Interaction of an accretion disk with the magnetic field of a neutron star produces large electromotive forces, which drive large conduction currents in the disk-magnetosphere-star circuit. Here we argue that such large conduction currents will cause microscopic and macroscopic instabilities in the magnetosphere. If the minimum plasma density in the magnetosphere is relatively low (≲109 cm−3 ), current-driven micro-instabilities may cause relativistic double layers to form, producing voltage differences in excess of 1012 V and accelerating charged particles to very high energies. If instead the plasma density is higher (≳ 109 cm−3 ), twisting of the stellar magnetic field is likely to cause magnetic field reconnection. This reconnection will be relativistic, accelerating plasma in the magnetosphere to relativistic speeds and a small fraction of particles to very high energies. Interaction of these high-energy particles with X-rays, γ-rays, and accreting plasma may produce detectable high-energy radiation.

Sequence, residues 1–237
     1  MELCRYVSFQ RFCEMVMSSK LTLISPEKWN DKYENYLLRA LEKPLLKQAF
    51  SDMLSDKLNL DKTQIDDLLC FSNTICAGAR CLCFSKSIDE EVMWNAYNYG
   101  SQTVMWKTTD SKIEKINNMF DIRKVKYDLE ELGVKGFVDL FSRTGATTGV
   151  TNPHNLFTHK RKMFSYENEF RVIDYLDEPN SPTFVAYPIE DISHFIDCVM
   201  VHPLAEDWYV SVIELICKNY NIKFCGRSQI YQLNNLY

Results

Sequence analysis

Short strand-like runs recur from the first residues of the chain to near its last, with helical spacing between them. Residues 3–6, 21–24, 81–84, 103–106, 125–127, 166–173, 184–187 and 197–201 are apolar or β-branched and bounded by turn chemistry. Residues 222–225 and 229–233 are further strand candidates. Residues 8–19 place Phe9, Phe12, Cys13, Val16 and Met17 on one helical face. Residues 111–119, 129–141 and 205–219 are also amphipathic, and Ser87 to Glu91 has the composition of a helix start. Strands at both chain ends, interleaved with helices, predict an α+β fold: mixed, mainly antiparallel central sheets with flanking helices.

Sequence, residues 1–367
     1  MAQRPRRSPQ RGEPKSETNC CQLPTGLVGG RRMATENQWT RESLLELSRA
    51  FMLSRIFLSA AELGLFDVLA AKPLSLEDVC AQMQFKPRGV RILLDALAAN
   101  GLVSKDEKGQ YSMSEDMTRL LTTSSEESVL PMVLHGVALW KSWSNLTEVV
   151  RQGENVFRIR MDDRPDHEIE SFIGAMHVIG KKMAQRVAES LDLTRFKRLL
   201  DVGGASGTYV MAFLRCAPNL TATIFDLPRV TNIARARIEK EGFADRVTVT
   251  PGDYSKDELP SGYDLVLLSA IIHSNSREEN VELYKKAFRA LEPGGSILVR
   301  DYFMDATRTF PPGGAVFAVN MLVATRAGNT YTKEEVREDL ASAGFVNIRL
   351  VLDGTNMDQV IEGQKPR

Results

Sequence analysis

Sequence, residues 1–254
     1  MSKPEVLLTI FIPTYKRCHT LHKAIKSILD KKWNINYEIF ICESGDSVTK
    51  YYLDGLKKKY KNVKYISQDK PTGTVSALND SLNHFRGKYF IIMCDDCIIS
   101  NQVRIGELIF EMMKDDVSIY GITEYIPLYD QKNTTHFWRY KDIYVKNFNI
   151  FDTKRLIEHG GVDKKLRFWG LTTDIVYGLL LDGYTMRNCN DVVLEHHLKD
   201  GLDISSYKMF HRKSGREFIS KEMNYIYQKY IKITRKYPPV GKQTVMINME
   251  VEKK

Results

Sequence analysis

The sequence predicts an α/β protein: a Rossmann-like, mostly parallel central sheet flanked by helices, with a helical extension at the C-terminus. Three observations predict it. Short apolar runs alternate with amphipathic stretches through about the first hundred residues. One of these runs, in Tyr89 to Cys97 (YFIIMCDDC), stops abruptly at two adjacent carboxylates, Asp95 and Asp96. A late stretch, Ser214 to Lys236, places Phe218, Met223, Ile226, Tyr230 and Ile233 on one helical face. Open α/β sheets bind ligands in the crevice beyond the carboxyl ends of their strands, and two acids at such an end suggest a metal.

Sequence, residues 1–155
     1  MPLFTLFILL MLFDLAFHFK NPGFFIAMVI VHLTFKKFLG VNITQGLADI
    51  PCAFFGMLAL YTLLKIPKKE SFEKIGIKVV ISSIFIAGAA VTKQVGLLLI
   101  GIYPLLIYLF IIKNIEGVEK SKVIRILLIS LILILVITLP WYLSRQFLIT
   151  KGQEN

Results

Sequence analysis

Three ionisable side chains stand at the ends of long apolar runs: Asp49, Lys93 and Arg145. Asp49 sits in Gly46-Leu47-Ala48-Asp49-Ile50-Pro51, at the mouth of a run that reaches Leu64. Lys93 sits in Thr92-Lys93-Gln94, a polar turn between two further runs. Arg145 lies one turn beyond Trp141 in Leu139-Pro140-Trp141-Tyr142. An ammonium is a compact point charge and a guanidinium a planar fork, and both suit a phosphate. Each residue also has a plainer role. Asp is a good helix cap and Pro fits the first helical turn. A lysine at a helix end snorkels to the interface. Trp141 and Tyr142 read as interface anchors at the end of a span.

Subject headings: acceleration of particles — accretion, accretion disks — gamma rays: theory — plasmas — radiation mechanisms: nonthermal — stars: neutron